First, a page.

Yes, according to the general German civil procedural rules the respective claimant can file a preliminary injunction for cease and desist according to Sec. 935 et seq. of the German Code of Civil Procedure (ZPO) in case the infringement has been recent and a subsequent infringement would result in a defeat of the claimant's rights (so called "Dringlichkeit"). In unfair competition procedures this requirement of "Dringlichkeit" is assumed according to § 12 II UWG, meaning that this assumption has to be refuted by the behaviour of the claimant (e.g. hesitant behaviour of the claimant to file for preliminary injunction despite its knowledge of the infringement).
|Are there any specific requirements regarding the provision of evidence to the court?||
§ 5 IV UWG and Annex (no.5) contain a reversal of the burden of proof. In addition, German jurisdiction eases the burden of proof in favour of the claimant if his lack of knowledge of the facts is justifiable.
|What are the possible civil sanctions and remedies for the infringement of the UCP provisions?||
Civil sanctions range from removal/cessation of the infringement and publication of the court ruling to damages and skimming of profits.
|What are the possible criminal sanctions for the infringement of the UCP provisions?||
Only infringements of §§ 16 - 19 UWG are punishable with imprisonment for up to 5 years or a criminal fine depending on the severity of the offence. Only § 16 II UWG (prohibition of progressive customer advertising) has a direct link to the UCP provisions, as the UCP Directive qualifies so called pyramid schemes as unfair commercial practices (Annex I no. 14 of the UCP Directive).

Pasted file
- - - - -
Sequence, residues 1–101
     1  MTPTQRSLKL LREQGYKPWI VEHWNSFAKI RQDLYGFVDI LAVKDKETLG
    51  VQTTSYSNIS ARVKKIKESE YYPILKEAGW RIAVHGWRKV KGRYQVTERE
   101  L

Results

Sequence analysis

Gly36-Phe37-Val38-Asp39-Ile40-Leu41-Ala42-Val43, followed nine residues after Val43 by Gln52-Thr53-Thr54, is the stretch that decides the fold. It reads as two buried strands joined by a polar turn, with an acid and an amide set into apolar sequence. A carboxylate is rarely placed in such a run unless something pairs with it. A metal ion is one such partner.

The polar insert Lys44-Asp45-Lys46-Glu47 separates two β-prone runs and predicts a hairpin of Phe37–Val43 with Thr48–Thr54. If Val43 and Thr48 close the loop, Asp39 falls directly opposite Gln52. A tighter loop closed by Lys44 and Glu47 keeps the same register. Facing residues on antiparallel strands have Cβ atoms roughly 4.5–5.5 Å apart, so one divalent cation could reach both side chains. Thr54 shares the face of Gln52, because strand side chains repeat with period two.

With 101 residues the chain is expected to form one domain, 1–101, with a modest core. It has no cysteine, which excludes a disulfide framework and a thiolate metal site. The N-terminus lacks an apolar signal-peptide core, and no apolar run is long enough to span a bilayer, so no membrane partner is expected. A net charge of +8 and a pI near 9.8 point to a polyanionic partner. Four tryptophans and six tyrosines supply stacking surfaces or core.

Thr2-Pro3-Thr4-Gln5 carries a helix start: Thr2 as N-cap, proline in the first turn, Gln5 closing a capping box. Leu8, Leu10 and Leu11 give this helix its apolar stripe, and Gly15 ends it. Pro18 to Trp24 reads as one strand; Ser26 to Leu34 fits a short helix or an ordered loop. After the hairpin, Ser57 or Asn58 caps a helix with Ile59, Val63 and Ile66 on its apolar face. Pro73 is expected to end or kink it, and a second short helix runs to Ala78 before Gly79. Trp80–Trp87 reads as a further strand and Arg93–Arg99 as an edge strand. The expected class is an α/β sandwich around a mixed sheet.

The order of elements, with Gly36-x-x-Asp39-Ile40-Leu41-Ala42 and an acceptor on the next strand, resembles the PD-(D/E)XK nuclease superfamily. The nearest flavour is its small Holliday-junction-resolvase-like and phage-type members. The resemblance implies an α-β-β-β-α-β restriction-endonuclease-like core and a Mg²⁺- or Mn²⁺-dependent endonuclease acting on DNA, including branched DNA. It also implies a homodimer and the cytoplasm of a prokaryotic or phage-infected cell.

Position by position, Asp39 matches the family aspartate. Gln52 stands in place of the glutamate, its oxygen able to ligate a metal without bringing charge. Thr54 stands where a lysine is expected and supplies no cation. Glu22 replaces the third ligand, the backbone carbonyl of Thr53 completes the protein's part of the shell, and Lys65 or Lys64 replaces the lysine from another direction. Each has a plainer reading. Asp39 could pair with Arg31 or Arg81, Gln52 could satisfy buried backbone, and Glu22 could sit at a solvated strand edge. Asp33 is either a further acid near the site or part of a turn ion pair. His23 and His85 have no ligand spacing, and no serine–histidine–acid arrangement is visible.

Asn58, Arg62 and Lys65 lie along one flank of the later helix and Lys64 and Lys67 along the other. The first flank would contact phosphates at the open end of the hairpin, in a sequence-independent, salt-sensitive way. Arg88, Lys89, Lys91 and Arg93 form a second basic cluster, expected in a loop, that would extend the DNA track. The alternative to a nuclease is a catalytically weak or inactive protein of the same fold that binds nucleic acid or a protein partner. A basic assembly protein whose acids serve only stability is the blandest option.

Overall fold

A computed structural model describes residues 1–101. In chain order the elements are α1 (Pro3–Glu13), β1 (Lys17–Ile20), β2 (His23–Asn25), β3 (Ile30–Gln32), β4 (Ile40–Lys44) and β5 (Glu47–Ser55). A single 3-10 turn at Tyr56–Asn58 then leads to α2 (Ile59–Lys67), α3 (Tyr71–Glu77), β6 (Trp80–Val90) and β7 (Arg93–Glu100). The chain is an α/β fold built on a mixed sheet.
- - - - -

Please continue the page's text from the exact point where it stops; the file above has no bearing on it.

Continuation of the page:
|What are the possible administrative sanctions for the infringement of the UCP provisions?||
The Federal Office of Consumer Protection and Food Safety (BVL) can require to refrain from acts found infringing consumer rights. Culpable contraventions are treated as administrative offences. The cessation of the infringement can be enforced by a penalty payment.
|What are the contractual consequences of an administrative order or a judgement relating to an unfair commercial practice on an individual transaction?||
In most cases, cease and desist procedures are initiated by a competitor of the infringer. The individual transaction with the consumer will therefore not be affected by a cease and desist decision since it only produces effects between the parties to the procedure. If a consumer files a civil law suit against his contractual partner, the contract might be declared void due to an infringement of UWG regulations if this is beneficial to the consumer.
|How can consumers get redress/compensation (e.g. through collective actions)?||
German law does not allow collective actions. Consumers have to file a claim for civil damages in accordance with general principles of German tort law.
|Can the administrative authorities or the courts require the publication of their decisions?||
§ 12 III UWG provides that the court can authorize the claimant to publish the decision at the expense of the infringer if the claimant can demonstrate a legitimate interest.
|IV. OTHER TYPES OF ENFORCEMENT|
|Are there any self-regulatory enforcement systems in your jurisdiction that deal with aspects of the UCP Directive?||
Yes, the right of competitors, associations, qualified entities, Trade associations and Chambers of Industry and Commerce to initiate proceedings in front of the Voluntary Board of Conciliation and to file claims against the infringer.
|Are there any mediating services that deal with aspects of the UCP Directive (e.g., an ombudsman)?||
Yes, the Voluntary Board of Conciliation (see above).